While the latest Verteilnetzstudie NRW (NRW Distribution Grid Survey) by the Ministry of Economic Affairs, Innovation, Digitalization and Energy of the State of North Rhine-Westphalia (MWIDE) estimates that North Rhine-Westphalia alone requires around Euro 15.4 billion of investment to expand the grid between now and 2040, the sheer costs are not even the biggest challenge. The magnitude of the work required to expand the grid will be virtually impossible to manage – simply because of the planning and scheduling necessary at the network operator level, and in particular because of the civil engineering work involved. In contrast, the use of intelligent controls on charging, which can be implemented far more flexibly than conventional expansion measures, can make it possible to defer expansion work and, according to experts, reduce the investment needed by around Euro 6 billion. To sum up: electric mobility is coming and, yes, the power grid is facing challenges – but it won’t buckle under the pressure.

About the authors of this guest article

Professor Markus Zdrallek

Professor Markus Zdrallek studied Electrical Engineering at the Technical University of Darmstadt and completed his doctorate at the University of Siegen. From 2000 to 2010, Professor Zdrallek held various senior positions at the energy supplier RWE in Siegen, Brauweiler, Neuss and Warsaw (Poland) – most recently as Authorised Representative at RWE Rhein-Ruhr Netzservice GmbH. He was appointed Professor at the University of Wuppertal (BUW) and Director of the Chair of Electrical Energy Supply Technology in April 2010. Professor Zdrallek is also Scientific Director of Neue Effizienz – Bergische Gesellschaft für Ressourceneffizienz mbH.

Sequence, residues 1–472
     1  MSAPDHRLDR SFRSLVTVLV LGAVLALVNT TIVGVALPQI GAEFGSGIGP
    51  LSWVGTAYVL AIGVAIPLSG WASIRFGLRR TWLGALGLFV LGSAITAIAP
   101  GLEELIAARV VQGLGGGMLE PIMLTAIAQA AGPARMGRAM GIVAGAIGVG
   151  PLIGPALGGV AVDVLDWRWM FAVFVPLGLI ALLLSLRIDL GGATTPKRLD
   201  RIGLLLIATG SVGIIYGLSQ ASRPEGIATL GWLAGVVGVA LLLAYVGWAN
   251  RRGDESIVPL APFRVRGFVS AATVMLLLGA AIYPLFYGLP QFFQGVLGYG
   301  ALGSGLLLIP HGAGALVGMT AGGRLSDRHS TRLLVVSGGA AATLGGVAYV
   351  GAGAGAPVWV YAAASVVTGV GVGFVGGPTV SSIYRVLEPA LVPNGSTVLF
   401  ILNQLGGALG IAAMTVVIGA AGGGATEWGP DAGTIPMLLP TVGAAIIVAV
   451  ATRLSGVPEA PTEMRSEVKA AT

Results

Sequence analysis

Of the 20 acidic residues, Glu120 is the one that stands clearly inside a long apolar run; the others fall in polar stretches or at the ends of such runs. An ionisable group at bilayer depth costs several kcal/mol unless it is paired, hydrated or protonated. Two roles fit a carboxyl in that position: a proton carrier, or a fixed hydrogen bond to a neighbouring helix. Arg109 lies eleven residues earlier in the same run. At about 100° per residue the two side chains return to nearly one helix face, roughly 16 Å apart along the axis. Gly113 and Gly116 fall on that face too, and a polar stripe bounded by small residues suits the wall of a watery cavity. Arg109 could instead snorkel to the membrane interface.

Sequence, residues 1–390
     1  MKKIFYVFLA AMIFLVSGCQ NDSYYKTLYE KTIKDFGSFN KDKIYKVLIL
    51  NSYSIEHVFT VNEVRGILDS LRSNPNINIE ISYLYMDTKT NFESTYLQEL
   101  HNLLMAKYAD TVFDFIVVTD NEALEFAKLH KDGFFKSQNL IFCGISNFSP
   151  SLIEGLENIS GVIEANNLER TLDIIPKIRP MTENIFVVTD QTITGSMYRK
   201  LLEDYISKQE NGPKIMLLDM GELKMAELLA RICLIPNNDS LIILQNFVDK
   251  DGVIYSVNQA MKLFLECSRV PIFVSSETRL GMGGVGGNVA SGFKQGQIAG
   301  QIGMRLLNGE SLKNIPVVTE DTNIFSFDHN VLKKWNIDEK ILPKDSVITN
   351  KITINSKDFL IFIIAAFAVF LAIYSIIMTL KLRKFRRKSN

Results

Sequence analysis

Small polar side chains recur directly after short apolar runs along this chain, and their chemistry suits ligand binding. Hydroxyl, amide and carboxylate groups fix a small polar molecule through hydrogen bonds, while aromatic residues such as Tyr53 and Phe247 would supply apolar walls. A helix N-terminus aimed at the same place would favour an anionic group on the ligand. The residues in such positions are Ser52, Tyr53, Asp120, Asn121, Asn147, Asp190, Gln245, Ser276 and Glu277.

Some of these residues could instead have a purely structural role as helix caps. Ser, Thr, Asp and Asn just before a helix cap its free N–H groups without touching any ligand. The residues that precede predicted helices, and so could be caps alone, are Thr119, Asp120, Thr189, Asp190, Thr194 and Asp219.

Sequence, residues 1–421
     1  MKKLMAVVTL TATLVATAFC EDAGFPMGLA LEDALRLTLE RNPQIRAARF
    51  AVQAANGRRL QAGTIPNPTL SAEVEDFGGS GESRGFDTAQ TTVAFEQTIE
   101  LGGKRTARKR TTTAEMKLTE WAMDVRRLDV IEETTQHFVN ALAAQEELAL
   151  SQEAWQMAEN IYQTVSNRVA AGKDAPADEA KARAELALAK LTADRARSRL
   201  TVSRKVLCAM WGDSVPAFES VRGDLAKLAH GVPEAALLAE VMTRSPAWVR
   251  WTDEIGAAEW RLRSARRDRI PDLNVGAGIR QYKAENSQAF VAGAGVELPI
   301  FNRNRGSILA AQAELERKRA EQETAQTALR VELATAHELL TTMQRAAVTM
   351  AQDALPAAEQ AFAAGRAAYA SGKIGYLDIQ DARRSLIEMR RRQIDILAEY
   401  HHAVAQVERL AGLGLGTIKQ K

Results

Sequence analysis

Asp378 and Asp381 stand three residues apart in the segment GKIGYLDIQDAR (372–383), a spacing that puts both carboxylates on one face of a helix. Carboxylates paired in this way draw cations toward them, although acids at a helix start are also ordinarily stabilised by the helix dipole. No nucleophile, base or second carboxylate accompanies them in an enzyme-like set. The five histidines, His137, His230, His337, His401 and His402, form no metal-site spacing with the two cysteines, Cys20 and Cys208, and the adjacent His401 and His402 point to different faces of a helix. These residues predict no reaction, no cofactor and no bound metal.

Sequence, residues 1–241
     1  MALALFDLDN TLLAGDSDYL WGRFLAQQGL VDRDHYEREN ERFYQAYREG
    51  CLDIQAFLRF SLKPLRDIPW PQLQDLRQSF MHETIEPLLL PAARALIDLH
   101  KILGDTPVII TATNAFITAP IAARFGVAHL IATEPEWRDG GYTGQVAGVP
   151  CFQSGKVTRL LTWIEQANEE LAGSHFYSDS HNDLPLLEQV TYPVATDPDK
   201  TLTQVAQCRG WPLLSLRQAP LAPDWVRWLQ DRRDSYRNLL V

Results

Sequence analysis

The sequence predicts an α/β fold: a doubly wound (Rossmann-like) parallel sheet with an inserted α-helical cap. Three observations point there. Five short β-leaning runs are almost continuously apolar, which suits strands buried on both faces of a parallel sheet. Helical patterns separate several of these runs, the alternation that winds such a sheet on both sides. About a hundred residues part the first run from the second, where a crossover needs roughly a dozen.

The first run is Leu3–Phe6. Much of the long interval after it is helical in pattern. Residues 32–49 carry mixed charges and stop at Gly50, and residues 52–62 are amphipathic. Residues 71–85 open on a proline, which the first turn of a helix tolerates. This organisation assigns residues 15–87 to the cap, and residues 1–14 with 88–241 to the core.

Kevin Kotthaus

Kevin Kotthaus has been a Senior Engineer at the Chair of Electrical Energy Supply Technology since March 2021. Until the beginning of the year he oversaw the “Energy Markets and Flexibility Management” research group. Kotthaus gained his Bachelor of Science in Industrial Engineering: Electrical Engineering at the University of Wuppertal in 2015, and obtained his Master of Science in Industrial Engineering: Energy Management at the same university two years later.

About the research activities of the Chair

A team of 50 scientists led by Professor Markus Zdrallek at the Chair of Electrical Energy Supply Technology at the University of Wuppertal (BUW) are researching innovative planning methods and charging management systems, looking for intelligent and economically viable ways of integrating electric mobility into the grid. A dedicated smart-grid laboratory and a test grid are also used here to evaluate technically innovative solutions in an environment that closely reflects real-world conditions. The department’s main research areas include the condition evaluation of equipment, modelling and optimising networks and grid operations, and intelligent grids for the energy transformation. Working with partners from the fields of power supply, industry and energy service providers, the Chair for Electrical Energy Supply Technology is designing the future structure of energy supply. Project partners include the German federal government, the state government of North Rhine-Westphalia, European authorities, major energy suppliers, public utility companies and associations. The department has won numerous scientific awards for its research.